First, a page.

In an effort to become a better writer I'm starting a blog. It will mostly be my take on the amateur teams I see and my photos, I may have a few hand-knit photos and stories as well.

Starting over from nothing...

December 17, 2017  •  1 Comment

So lately I've been trying to get my writing mojo back. Most days it is just me writing by hand in one of my many journals trying to figure out why every word sucks so bad. At the end of the three hour journey I'm left with nothing but balled up sheets of paper I refuse to let anyone read. And Micheal is very little help as he is placing the soul reason for us not starting the pilot squarely on my losing the previous note we had on said pilot. Truth be told he is just as afraid as I am. Afraid or failing, afraid of succeeding, afraid of letting me in and have an amazing time while doing it...

At any rate I'm now more determined to start writing again, start living again, start waking up with a purpose, and more of a zest for life. The only way I know how to do this and get through it is to write. Not write well mind you, but just write. I found so many old drafts that I never posted. Why? I'm not really sure. Maybe I thought they weren't good enough, maybe they weren't, but never posting them isn't really helping anyone. Not me, not the reader, and not my future as a writer.

I know this will be a long road but I need to get it back and keep it going. So my hope for 2018 is to blog. Blog about everything and nothing all at the same time. Blog until my hands bleed.

Are you ready for this journey? Well good. That makes one of us.


“One thing that helps is to give myself permission to write badly. I tell myself that I’m going to do my five or 10 pages no matter what, and that I can always tear them up the following morning if I want. I’ll have lost nothing—writing and tearing up five pages would leave me no further behind than if I took the day off.”
—Lawrence Block, WD

 “To gain your own voice, you have to forget about having it heard.”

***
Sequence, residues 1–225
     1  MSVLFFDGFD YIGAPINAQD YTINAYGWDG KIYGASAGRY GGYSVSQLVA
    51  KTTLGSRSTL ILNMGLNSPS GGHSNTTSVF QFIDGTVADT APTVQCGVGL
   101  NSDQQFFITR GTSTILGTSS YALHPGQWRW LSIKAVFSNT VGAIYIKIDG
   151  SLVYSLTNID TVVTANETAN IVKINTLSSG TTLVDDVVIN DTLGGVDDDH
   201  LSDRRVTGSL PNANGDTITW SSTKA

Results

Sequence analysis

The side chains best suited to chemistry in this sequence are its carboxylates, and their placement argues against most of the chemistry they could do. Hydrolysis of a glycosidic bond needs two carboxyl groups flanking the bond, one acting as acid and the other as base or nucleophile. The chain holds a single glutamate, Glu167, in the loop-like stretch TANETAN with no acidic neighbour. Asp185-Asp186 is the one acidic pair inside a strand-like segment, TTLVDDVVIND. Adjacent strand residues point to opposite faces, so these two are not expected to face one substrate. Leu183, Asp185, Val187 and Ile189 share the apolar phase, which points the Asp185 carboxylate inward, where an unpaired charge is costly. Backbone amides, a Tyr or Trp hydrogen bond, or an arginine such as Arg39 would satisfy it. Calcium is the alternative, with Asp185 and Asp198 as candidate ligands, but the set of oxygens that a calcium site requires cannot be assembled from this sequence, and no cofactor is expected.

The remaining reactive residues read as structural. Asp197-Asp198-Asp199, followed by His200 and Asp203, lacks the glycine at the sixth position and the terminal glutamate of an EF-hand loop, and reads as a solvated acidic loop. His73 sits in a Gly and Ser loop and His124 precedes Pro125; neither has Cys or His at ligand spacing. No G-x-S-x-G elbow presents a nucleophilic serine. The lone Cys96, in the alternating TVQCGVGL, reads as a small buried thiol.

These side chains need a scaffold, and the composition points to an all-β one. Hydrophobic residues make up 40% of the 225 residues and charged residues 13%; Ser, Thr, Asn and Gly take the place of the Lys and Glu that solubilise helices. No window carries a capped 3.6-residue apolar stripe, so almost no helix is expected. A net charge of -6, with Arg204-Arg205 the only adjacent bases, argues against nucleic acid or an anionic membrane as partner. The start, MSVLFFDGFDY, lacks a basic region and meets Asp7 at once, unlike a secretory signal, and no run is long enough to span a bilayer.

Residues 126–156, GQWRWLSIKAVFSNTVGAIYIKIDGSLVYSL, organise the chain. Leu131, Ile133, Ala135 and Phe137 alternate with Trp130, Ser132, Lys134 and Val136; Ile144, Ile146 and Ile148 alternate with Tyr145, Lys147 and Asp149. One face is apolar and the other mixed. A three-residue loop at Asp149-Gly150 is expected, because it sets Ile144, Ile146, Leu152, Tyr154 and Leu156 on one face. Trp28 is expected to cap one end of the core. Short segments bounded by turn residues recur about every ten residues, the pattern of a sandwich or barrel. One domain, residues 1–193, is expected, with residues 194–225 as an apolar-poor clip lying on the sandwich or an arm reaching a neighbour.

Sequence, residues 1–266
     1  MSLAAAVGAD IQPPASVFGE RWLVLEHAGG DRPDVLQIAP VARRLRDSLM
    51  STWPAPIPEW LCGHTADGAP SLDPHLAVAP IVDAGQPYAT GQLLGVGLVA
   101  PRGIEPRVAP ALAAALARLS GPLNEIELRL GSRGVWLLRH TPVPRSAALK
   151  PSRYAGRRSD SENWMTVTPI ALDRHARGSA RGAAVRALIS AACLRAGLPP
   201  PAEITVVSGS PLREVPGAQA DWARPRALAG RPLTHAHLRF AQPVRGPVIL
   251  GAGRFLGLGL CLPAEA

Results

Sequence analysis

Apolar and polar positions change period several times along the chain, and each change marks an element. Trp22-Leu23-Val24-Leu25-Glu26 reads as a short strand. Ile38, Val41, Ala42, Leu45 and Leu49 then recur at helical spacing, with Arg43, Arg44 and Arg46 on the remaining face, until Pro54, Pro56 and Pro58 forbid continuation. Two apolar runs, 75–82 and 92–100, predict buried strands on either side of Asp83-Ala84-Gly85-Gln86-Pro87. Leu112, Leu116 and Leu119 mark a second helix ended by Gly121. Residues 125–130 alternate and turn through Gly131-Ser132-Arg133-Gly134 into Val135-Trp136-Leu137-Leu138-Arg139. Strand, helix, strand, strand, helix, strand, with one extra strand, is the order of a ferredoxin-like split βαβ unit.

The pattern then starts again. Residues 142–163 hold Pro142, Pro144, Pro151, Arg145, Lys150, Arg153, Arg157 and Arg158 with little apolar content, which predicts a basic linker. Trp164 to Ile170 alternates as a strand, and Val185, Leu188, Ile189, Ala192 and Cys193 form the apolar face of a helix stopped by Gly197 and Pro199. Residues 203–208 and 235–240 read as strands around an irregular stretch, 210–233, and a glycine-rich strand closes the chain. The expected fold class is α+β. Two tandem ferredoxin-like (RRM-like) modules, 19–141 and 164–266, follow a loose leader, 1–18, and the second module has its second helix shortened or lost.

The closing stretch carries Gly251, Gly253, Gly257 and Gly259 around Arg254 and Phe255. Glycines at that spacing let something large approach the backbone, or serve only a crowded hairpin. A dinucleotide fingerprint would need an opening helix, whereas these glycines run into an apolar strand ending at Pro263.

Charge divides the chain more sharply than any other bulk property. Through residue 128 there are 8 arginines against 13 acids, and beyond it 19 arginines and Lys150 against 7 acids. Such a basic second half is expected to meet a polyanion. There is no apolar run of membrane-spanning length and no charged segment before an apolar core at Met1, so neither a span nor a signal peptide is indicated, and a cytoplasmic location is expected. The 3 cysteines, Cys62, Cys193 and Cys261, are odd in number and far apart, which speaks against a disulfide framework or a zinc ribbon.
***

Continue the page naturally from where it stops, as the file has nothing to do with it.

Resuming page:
—Allen Ginsberg, WD

Is photographing hockey hard?

June 10, 2014  •  Leave a Comment

I can't help but laugh at the mere thought of this question! The truth is photographing hockey is really no harder than playing hockey. If you have never played hockey the following quote will give you an idea of how challenging the sport is to play:

Is hockey hard? "I don't know, you tell me. We need to have the strength and power of a football player, the stamina of a marathon runner, and the concentration of a brain surgeon. But we need to put all this together while moving at high speeds on a cold and slippery surface while 5 other guys use clubs to try and kill us, oh yeah did I mention that this whole time we're standing on blades 1/8 of an inch thick? Is ice hockey hard? I don't know, you tell me. Next question."
-Brendan Shanahan

So to answer the question YES! Hockey is the hardest sport to shoot! You have some of the worst lighting conditions in any sport, some of the fastest moving players in any sport, if you are lucky you will see the puck in time to duck, and did I mention you can't use your flash without running the risk of blinding a player.  Plus, when you are not moving around your hands and body will go numb from the cool temperature, as most rinks are kept very cold. Oh yeah and just about every time you try to shoot on the ice you slip trying to get the angle you want.

When I tell people I shoot sports I get a response like, “How cool! You get the watch games for free.” I wish I had the luxury of just watching the game. I have to shoot the guy with the puck, the guys without the puck, and the guy who is receiving the puck. And through all of this I have to make sure the shot is in focus, properly composed, and properly exposed.

To say shooting hockey is hard is an understatement! Most games I am lucky if I end up with five good shots.

But all the sports photographers I have met in my lifetime say hockey is their favorite sport to shoot. I must agree. I think it is the overall challenge that makes it so loveable.

"John Groth" hockeyGoaltender John Groth, of the Dallas Ice Jets, makes a glove save against the Texas Brahmas. A one-in-a-million shot that took me all season.

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